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26th Match, Christchurch, March 26, 2022, ICC Women's World Cup
(50 ov, T:266) 194/9

NZ Women won by 71 runs

Player Of The Match
126 (135)

Suzie Bates century, Hannah Rowe five-for help New Zealand seal win over Pakistan

Pakistan end campaign at the bottom with one win while New Zealand's campaign, too, is all but over

Firdose Moonda
Firdose Moonda
Suzie Bates celebrates her 12th ODI hundred, New Zealand vs Pakistan, 2022 Women's ODI World Cup, Christchurch, March 26, 2022

Suzie Bates celebrates her 12th ODI hundred  •  ICC via Getty Images

New Zealand Women 265 for 8 (Bates 126, Dar 3/39) beat Pakistan Women 194 for 9 (Dar 50, Rowe 5/55) by 71 runs
New Zealand's World Cup campaign all but ended with a display of the value of experience and the exuberance of youth, which combined to secure a big win over Pakistan. Suzie Bates scored her 12th ODI century and became the first New Zealand batter, and fourth overall, to reach 5,000 runs in the format before Katey Martin's 30 off 26 balls pushed New Zealand's total over 250 and into challenging territory. Then, Hannah Rowe's career-best 5 for 55 derailed a decent Pakistan effort and forced a collapse of 6 for 19 which took Pakistan from 155 for 3 to 174 for 9.
Although New Zealand still have a mathematical chance of qualification for the semi-finals, they would need South Africa to beat India and Bangladesh to beat England by significant margins to improve their net run-rate considerably. New Zealand bid a packed Hagley Oval farewell with an emotional performance which started with Martin's tears during the national anthem and ended with her waving to the crowd, away from the rest of the group, whose celebrations were subdued.
Pakistan's tournament is also over and they finish at the bottom of the points table, with a solitary win. Although the results do not reflect well on them, they ended an 18-match losing streak at World Cups, dating back to March 2009 when they beat West Indies in a rain-affected encounter, and competed well in patches throughout the competition. They also won hearts, thanks to the consistent presence of Bismah Maroof's baby daughter Fatima, who delighted supporters and opposition alike.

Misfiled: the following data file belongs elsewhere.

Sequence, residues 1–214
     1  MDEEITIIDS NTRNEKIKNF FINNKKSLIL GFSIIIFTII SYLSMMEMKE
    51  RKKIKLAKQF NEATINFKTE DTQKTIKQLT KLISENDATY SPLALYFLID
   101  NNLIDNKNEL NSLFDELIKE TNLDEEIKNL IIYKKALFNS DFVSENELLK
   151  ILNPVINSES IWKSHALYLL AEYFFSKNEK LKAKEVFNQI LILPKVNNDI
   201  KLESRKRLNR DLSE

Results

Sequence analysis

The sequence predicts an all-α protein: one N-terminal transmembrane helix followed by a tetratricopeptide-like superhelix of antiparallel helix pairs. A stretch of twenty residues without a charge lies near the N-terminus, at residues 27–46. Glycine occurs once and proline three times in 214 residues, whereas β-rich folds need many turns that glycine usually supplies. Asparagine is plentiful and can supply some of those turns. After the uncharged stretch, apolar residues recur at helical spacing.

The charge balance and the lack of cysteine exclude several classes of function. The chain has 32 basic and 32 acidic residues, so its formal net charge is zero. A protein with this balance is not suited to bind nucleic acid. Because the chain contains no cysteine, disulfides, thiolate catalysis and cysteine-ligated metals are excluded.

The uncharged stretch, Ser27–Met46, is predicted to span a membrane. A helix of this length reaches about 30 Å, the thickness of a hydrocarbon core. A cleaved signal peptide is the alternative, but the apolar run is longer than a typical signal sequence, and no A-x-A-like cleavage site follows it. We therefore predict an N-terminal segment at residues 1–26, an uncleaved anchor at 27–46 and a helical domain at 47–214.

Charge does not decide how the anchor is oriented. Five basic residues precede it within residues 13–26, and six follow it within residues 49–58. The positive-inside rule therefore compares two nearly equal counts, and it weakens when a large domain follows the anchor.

Baby Maroof had plenty to marvel at in this match, albeit mainly from New Zealand's performance. Bates put on a dominant display of leg-side hitting with an array of sweeps, pulls and flicks, and scored 90 of her 126 runs on the on-side. She scored quickly, at a strike rate of 93.33, and formed half-century partnerships with Amelia Kerr and Brooke Halliday to lay a foundation for New Zealand to push for a big score, but her innings was not without its nervy moments.
In the fifth over, Bates was given out lbw as she missed the flick off Diana Baig. With a second to spare on the DRS timer, she reviewed the decision and ball-tracking showed the delivery was going on to miss leg stump. Bates was on 17 at the time.
She was the more attacking partner in her stand with Amelia Kerr and brought up her half-century off 54 balls with a sweep off Nashra Sandhu, but then needed to do a rebuilding job after a Nida Dar double-strike. In the space of three balls, Dar dismissed Kerr and Amy Sattherthwaite to put the brakes on. Pakistan conceded just 40 runs in the next 10 overs and gave away only two boundaries in that period and kept Maddy Green particularly quiet. She scored 18 runs off 40 balls when her fourth-wicket stand with Bates reached fifty and was on 23 when she Green was beaten by a Dar delivery that spun back in and bowled her.
Bates' century came up three balls later with a pull behind square off the 110th ball she faced. New Zealand entered the final 10 overs on 197 for 4, and in a good position to push for a total over 260. But, in the 43rd over, Bates was bowled, in the 46th Halliday followed and in the 47th there were twin run-outs. New Zealand lost 4 for 20 before Martin took it on herself to up the ante. New Zealand scored 32 in their last two overs to undo some of Pakistan's strangling work at the end.
Pakistan started their chase with authority and put on 39 in the first nine overs. Sidra Ameen and Muneeba Ali were confident against the short ball but were dismissed in successive overs to dent Pakistan's start. Maroof and Onaima Sohail put on 26 for the third-wicket and scored slowly to drag Pakistan to the 19th over on 83 for 2 before Sohail was caught low at slip by Satterthwaite. That brought Dar to the crease and she capped off a good all-round performance with her 10th ODI half-century and put Pakistan back on track.
Maroof and Dar put on 82 for the fourth-wicket, at a scoring rate of 5.23 and though the required run-rate had risen to over seven, they showed good signs of intent. All that changed when the Rowe show began.
In the 35th over, Rowe's fifth, she had Maroof caught down the leg side to start Pakistan's slide. Two overs later, Aliya Riaz edged an attempted cut and Dar was bowled by an offcutter that dipped on her and took out off stump to all but end Pakistan's chances of reaching the target. Rowe put the finishing touches on in the 41st over, when she bowled Sidra Nawaz with an inswinger and had Diana Baig caught at cover-point. She could have had a sixth wicket when Sandhu was given out lbw but reviewed and ball-tracking showed it was missing. Sandhu was not dismissed and Pakistan batted out their overs but ended well short.

Firdose Moonda is ESPNcricinfo's South Africa correspondent

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